Investors have seen triple-digit returns on some 2019 IPOs, but UBS think there are 2 key reasons it could cool by midsummer
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- This year's IPOs have broken new records, with Beyond Meat's stock popping 163% pop on the first day of trading. But UBS analyst Jason Draho said in a note Monday that it doesn't mean there's an IPO bubble.
- Instead, Draho thinks there is a hot IPO market, which could cool off organically in midsummer.
- Once companies start reporting their second and third quarter earnings, Draho said, prices will adjust to reflect their true values.
- Plus, he added, there's may not be a steady enough stream of IPO-ready multi-billion-dollar companies in the lineup to cause the hot market to bubble over.
- Read more on the Business Insider homepage.
Investors who bought Beyond Meat stock during its public offering in early May saw a 163% pop on the first day, setting a new record and a celebratory tone for a busy IPO season which has seen half a dozen high-value companies enter the public markets.
While new heights may indicate that things can only go downhill from there, UBS analyst Jason Draho thinks it's too early to call the IPO market a bubble, Draho wrote in a note published Monday.
"Triple-digit returns beg the question of whether another IPO bubble is forming. It's fair to say that the IPO market is getting warmer just based on the returns," Draho said. "These returns suggest a hot, not bubbly, IPO market, but there has been an inflection around the Lyft IPO, as the market has gotten hotter since then."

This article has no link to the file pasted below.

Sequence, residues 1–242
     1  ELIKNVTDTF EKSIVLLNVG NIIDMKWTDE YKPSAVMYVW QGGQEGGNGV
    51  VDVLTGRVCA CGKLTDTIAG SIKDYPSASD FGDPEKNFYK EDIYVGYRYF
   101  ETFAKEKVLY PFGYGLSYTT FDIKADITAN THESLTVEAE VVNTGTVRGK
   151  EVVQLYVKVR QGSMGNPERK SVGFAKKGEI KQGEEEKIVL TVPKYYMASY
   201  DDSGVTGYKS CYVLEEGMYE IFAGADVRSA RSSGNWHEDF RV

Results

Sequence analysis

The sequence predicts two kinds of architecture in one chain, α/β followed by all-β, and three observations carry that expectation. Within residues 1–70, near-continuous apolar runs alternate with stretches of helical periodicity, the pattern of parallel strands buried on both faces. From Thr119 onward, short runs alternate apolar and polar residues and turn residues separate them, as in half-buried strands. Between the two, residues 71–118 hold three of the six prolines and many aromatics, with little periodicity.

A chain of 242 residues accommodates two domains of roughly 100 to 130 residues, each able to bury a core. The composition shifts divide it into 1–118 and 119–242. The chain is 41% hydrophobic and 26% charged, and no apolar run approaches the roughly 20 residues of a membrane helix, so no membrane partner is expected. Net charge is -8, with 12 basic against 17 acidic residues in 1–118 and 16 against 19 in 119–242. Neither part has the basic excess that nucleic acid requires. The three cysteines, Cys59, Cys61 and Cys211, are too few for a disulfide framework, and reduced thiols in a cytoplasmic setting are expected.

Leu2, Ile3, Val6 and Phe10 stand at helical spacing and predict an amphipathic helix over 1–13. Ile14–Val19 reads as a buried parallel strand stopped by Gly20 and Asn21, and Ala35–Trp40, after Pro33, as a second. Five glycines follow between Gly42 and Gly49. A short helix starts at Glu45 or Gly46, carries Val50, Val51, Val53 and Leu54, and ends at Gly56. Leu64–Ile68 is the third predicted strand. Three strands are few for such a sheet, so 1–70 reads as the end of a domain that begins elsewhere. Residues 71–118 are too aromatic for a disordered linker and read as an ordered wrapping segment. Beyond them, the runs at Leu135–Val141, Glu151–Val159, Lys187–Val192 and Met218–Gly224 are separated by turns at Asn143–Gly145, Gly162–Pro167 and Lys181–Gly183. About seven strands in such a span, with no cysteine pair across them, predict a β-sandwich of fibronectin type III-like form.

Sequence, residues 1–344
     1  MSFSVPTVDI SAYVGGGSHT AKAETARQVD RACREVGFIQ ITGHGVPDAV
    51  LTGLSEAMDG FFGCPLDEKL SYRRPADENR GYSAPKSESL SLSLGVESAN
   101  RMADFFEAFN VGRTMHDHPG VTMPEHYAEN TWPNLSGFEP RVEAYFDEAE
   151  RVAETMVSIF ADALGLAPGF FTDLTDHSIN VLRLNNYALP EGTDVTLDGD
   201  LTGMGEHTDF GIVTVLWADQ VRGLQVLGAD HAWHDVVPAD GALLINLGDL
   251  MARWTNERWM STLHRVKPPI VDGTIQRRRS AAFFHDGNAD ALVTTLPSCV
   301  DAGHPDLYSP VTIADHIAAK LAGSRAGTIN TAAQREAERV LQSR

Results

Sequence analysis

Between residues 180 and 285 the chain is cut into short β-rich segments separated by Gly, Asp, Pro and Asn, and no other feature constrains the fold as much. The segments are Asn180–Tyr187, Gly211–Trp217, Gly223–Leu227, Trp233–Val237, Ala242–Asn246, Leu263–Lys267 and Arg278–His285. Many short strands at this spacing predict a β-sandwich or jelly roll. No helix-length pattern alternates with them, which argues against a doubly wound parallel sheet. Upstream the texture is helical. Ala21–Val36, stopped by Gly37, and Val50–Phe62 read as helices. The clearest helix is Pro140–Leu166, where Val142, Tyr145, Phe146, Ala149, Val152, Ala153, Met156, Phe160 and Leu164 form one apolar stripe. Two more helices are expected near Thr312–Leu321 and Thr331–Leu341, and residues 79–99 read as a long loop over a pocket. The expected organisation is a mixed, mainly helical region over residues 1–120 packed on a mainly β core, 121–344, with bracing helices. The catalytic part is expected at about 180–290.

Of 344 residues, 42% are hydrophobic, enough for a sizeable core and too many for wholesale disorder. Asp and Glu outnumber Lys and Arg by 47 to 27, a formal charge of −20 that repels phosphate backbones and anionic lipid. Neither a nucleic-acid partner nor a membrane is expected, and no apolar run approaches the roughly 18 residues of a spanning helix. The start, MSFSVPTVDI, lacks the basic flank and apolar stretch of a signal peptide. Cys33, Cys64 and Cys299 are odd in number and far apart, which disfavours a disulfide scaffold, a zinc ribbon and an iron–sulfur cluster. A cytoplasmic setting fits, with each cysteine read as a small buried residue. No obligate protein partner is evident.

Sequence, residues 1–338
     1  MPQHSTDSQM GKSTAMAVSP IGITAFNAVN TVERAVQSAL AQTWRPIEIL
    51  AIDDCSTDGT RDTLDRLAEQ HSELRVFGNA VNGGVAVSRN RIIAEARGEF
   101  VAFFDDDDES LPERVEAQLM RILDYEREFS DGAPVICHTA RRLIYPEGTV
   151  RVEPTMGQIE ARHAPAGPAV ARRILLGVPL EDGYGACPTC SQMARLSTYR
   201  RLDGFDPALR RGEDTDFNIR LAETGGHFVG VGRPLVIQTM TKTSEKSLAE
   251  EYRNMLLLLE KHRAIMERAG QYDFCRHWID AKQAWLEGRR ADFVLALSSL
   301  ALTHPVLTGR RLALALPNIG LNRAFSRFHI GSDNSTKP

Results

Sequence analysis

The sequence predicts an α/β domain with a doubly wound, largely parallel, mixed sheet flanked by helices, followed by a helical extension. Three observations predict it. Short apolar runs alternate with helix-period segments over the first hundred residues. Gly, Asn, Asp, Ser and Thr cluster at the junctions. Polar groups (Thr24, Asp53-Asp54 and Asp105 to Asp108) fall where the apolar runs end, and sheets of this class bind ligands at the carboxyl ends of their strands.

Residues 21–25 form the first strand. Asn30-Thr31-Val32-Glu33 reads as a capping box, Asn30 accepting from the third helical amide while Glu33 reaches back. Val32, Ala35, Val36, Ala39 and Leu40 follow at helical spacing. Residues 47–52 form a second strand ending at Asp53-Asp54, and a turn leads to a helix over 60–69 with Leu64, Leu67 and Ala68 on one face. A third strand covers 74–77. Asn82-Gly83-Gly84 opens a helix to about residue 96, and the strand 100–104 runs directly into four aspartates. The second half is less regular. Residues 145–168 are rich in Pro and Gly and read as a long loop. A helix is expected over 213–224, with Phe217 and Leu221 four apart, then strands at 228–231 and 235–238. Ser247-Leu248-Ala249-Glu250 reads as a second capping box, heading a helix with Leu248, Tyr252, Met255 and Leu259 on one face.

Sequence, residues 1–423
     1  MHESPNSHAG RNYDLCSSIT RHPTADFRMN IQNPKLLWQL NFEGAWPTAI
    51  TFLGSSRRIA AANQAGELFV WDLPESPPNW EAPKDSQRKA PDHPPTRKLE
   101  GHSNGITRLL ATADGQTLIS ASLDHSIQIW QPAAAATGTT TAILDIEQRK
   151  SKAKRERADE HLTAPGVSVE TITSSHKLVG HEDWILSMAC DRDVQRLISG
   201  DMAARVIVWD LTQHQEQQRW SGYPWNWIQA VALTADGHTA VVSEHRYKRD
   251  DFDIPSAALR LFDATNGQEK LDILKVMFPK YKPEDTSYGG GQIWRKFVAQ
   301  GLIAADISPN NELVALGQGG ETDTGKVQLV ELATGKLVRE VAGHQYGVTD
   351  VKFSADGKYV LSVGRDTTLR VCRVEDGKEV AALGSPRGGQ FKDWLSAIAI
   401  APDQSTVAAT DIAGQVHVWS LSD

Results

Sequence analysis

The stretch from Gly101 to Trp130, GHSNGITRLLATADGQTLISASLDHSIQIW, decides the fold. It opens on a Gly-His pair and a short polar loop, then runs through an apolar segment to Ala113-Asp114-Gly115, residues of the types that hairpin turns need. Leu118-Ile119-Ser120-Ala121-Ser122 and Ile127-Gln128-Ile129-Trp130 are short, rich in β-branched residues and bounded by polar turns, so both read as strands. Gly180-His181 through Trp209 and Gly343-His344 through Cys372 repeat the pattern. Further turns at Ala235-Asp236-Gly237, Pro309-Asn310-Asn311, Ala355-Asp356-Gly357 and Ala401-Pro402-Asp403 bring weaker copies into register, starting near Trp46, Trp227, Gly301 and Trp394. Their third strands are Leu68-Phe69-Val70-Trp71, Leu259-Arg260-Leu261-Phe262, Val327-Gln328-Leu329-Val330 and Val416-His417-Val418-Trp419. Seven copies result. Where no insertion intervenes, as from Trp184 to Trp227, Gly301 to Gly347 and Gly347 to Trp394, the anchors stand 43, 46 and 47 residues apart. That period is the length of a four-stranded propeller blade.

Instead, the longterm momentum of the market will reveal itself in midsummer or fall, once the first of the big IPOs of the year report their second and third quarter earnings and investors get a sense of whether the companies are actually worth what they trade at, Draho reckons.
"That's also when six-month lock-up agreements begin to expire, enabling pre-IPO shareholders to start selling in large scale, potentially putting downward pressure on stock prices," Draho said. "All this suggests a runway of about six more months for this hot IPO market, after which it could continue or sputter out, depending on how the current IPOs perform."
"There needs to be an actual supply of IPOs, ideally by unicorns, for a hot market to even exist," he wrote. "Unlike the dotcom era when companies went public after only a few years of operations in order to raise capital, startups today have greater access to private capital and are staying private much longer. Consequently, we should expect far fewer IPOs in this hot market, barring a shift toward much earlier public listings."
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